Selecting the Architect
To select an architect for the facility, Rensselaer initially drew from a short list of 14 firms. Then they initiated an architectural competition in March 2001 among four distinguished firms: Davis Brody Bond, New York, NY, teaming with Thomas Leeser, London; Nicholas Grimshaw & Partners, London; Morphosis Architects, Santa Monica, CA; and Bernard Tschumi Architects, New York, NY. All finalists made presentations on June 14 before Rensselaer's jury committee and its external advisers: James H. Collins, Jr. President and CEO of Payette Associates; Bruce S. Fowle, Founder and Senior Principal of Fox & Fowle Architects; and K. Michael Hays, Professor at the Harvard Graduate School of Design and Adjunct Curator of Architecture at the Whitney Museum of American Art. Alan Balfour, Dean of the School of Architecture and member of the jury committee, commented that, "The distinction of the Grimshaw submission was in seeing the building as an ensemble of instrumental spaces defined by technology which seemed exactly appropriate to house the range of performances and stimulate new knowledge that Rensselaer will bring to the intersection of the arts with science and technology."
About Nicholas Grimshaw & Partners
Nicholas Grimshaw & Partners is perhaps best known for its design of London's International Terminal Waterloo (completed 1993), which received the President's Award for Building of the Year from the Royal Institute of British Architects, the Royal Fine Arts Commission/Sunday Times Building of the Year Award, and the Excellence in Design Award of the London chapter of the American Institute of Architects. Recent arts projects include a new building for the Royal College of Art in London, which features a major exhibition space; and the Caixa Galicia Art Foundation Building on the waterfront at La Corua, Spain, which includes an auditorium and lecture hall together with extensive galleries for works of art. Other notable projects include the Phase One redevelopment of London's Paddington Station (completed 1999) and The Eden Project in Cornwall, U.K. (completed 2001), which has created the world's largest greenhouse as a showcase for global biodiversity. Nicholas Grimshaw & Partners has an established office in the United States, where the firm's first American project, the Donald Danforth Plant Science Center in St. Louis, Missouri, is scheduled for completion in fall 2001. The firm is also involved in the design of the Miami Intermodal Center in Florida, a major transport interchange project due for construction in 2005. Rensselaer's Experimental Media and Performing Arts Center is the first major performing arts project undertaken by Nicholas Grimshaw & Partners.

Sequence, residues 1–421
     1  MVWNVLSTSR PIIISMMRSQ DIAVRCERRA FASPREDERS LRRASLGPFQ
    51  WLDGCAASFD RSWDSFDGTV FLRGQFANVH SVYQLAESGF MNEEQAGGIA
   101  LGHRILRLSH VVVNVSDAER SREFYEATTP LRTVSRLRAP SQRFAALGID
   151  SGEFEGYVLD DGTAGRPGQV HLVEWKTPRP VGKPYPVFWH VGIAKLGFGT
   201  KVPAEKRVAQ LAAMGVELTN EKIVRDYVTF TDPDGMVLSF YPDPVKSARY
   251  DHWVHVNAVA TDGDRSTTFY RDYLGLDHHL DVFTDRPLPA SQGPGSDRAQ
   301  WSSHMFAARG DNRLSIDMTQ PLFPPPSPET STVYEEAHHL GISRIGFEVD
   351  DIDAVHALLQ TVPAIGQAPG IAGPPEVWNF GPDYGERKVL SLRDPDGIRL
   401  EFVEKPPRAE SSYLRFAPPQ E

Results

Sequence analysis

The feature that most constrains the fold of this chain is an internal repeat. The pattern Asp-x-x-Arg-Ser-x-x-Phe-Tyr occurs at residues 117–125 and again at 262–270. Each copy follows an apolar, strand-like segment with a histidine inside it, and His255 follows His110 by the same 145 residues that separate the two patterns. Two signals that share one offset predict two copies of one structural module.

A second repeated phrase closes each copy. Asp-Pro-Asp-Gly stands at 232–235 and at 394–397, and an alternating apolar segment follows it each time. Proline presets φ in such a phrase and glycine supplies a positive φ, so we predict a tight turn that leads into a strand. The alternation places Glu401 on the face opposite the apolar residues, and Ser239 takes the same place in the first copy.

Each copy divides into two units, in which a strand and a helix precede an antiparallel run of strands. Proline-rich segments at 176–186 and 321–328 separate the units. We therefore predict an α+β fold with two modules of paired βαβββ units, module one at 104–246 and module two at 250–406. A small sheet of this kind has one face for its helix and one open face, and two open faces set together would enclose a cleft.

Founded in 1824, Rensselaer Polytechnic Institute is one of America's leading research universities, with a student body of 5,000 undergraduates, 1,800 graduate students in residential programs, and 2,800 students in distance programs and at Rensselaer at Hartford. Rensselaer is known for providing an undergraduate education of undisputed intellectual rigor based on exceptional pedagogical innovation and has earned distinction in interactive learning and the application of information technology to education. Faculty are engaged in cutting-edge research in fields ranging from microelectronics to computational modeling and simulation, mathematical finance, advanced materials, environmental studies, lighting, and electronic arts. Fostering technological entrepreneurship, Rensselaer operates three business incubators, with a technology park that is home to some 50 companies.